– Incremental app updates – cool one. Apple should do this asap…
– OTA starting mid-July for Nexus S, Moto Xoom, Galaxy Nexus…so about 0,1% of all Androids out there…maybe less.
– Chrome is out of beta and the default browser, starting on the Nexus 7.
– Curious, the demo device used the phone UI…

Nexus Q.
– Who’s gonna spend 299 USD plus taxes for this?
– Google clearly doesn’t understand hardware…a ball-shaped object that sits next to my square HDTV, with a glowing LED line around it that distracts me? Right…
Google says “shifts and changes color in time to your music”..ok. Now I get it…nope, no dice.
– Made in USA…ok, easy if you will only sell a few units…no matter what The Verge says because those will not be made in huge numbers, and what about the Nexus 7?
Yeah, right…Asustek…Korea, right?
– Also, 299 USD vs. 99 USD – we’ll see how many will pay 200 USD more for the Made in USA label…
– You need an Android smartphone or tablet to access Google Play thru the Nexus Q… Read that again!
– No remote, and again, it only works with Android devices.
I rarely agree with Ed Bott, but…

Glass.
– Primary use, and I’m willing to bet on that and the lawsuits in 3, 2, 1…: POV porn.
– Yay! You get a glass block with it…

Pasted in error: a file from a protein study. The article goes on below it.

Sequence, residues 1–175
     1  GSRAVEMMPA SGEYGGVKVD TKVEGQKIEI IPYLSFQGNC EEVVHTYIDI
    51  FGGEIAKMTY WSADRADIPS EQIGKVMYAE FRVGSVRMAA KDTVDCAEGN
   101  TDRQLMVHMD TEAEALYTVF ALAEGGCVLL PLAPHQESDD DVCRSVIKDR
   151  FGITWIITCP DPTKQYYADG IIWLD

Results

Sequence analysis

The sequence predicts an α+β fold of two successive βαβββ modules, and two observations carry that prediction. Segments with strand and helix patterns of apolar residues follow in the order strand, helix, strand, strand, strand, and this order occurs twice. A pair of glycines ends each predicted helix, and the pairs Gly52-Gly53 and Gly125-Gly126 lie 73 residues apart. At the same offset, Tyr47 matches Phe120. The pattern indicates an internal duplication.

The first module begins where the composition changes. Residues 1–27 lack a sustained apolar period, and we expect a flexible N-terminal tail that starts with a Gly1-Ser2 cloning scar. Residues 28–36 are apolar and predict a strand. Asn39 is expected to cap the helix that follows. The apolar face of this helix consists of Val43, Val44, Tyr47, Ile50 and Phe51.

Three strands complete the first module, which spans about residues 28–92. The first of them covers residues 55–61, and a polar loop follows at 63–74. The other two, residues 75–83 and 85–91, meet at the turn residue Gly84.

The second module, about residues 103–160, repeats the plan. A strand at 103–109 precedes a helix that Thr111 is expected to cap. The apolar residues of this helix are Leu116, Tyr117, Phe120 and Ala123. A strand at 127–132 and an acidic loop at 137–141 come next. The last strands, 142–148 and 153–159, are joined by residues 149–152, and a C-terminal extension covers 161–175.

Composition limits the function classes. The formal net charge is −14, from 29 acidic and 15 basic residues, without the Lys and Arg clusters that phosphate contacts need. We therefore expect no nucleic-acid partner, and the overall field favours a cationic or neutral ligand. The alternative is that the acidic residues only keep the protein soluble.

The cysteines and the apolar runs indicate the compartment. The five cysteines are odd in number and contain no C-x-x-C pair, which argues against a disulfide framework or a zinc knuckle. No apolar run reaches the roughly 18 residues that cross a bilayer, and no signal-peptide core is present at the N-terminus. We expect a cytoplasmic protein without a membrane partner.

– The whole thing is creepy as shit, but not to worry, ‘cos they look fucking ugly, and they will set you back a cool 1.500 bucks, and will ship next year (maybe)…so Google is covering their asses by making sure that only looneys will buy this. Pew…close call!
But, just to be sure: If I see you with one of those things, checking out my girlfriend…I’ll punch you in the face, while cracking them. You have been warned creep.
– I think Arrington got it right: “I can imagine in a couple of years we’ll all be wearing these at events. Then a couple of years after that maybe we’ll look back and think we all looked like idiots.”

Random:
– When have you seen Steve Jobs, or Tim Cook, demo a native Apple app for Android…yeah…me neither…
– Andy Rubin still thinks one-size-fits-all is a good policy for tablets.
– The Nexus 7 may head to retail…with a markup, since Google is selling them nearly at cost in the Play store…Play store still sounds weird…